Two days ago the long-awaited (by me) second edition of the novel Angel was released by DSP Publications.
DSP is a new imprint of Dreamspinner Press, and the hope is that the new imprint will put an end to Angel’s “erotica problem.”
What I am referring to is the tendency of book selling sites to label it as “erotica.” This has much less to do with the content of the novel than the fact that it was put out by a publisher that is known for some steamy novels and the assumption is that anything from that publisher must be a little bit erotic. (It’s like ra-ee-ain on your wedding day! Sorry, I couldn’t help myself.)
So Dreamspinner, which has been branching out for some time into less romantic and erotic LGBT literature chose some titles that they thought would benefit from a different kind of presentation. I’m very glad.
I’ve been thinking about this word “erotica” a bit lately. A couple of months ago I was scolded in a review of my second novel Identity Theft for including a scene that depicts masturbation. “I don’t want to read erotica,” the reviewer said. Or words to that effect, it was a while ago and I am quoting from memory. The same reviewer went on to say that I was a smart and accomplished woman who did not have to resort to that kind of thing to sell books.
Whether or not the scene itself added to the plot or understanding of the character is an argument for other people. What struck me was the use of the word “erotica.” The word is supposed to indicate literary art created to spark the sexual imagination. It is not simply art that depicts sexuality; it is art created to turn you on.
Sexuality is a part of adult life, and something that has different meanings in different contexts. To my way of thinking, the scene she described was, if anything, anti-erotic. It depicts a person who is deluding himself to the point that he can’t really believe anyone outside his fantasy world exists and can be effected by what he does. It is a person who is isolated, and at that moment, self-absorbed and a bit ridiculous and pathetic. If the reader goes away from that scene thinking “Wow, that was hot,” I think I have missed the mark somehow as a story teller.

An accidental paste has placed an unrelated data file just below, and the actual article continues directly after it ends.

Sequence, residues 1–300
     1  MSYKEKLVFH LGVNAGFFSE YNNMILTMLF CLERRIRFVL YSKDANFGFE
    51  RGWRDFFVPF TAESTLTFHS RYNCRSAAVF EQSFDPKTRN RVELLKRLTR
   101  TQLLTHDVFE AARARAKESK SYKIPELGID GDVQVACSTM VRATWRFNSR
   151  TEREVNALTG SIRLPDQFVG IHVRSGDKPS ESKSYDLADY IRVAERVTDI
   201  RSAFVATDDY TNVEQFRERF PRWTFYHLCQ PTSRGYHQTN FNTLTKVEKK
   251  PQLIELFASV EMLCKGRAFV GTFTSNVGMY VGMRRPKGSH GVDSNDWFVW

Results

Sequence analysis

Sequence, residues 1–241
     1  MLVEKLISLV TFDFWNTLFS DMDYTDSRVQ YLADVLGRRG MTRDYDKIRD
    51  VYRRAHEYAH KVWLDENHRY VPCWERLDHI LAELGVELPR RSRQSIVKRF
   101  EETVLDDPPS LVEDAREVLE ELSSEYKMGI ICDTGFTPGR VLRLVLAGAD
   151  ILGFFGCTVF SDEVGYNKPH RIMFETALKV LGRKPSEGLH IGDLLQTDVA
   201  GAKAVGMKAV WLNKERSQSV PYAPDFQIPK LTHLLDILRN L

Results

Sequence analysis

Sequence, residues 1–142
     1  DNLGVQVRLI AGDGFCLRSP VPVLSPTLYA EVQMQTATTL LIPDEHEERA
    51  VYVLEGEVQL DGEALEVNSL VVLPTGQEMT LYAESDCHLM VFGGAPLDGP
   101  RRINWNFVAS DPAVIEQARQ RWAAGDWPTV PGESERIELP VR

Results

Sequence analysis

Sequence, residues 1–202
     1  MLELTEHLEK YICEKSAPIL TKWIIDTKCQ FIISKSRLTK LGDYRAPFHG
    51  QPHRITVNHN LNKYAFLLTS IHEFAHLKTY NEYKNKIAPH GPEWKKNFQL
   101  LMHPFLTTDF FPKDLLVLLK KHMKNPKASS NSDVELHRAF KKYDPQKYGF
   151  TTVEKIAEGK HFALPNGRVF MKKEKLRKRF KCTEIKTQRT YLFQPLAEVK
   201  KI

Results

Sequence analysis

I’ve written a lot of books now, and I’ve gotten comfortable with the idea that not everyone is going to like everything I do and that some things will resonate with one reader and annoy another. That can’t be helped. It is still odd, however, when you read a review and find that someone has misunderstood your motives in a significant way. Then it moves beyond a critique of the work to a critique of the character of the writer. This reader imagined that I made a calculated decision to “spice things up” because I thought it would sell more books. I have to say that until I read the review, I hadn’t given much thought at all to the sex in the book except as it was part of the story I was telling. The idea that sex was by definition commercial didn’t enter my mind. I am not sure that it is. Sure, someone had a hit with that Shades of Gray thing, but that is a publishing aberration, not the norm.
That little episode aside, it is still worth noting that Angel, which is a story of love and spirituality and includes no on-page descriptions of sex has consistently been called “controversial” whereas Identity Theft, which does show sexual behavior more directly, and which includes characters who make some highly questionable moral decisions, has never been given that label.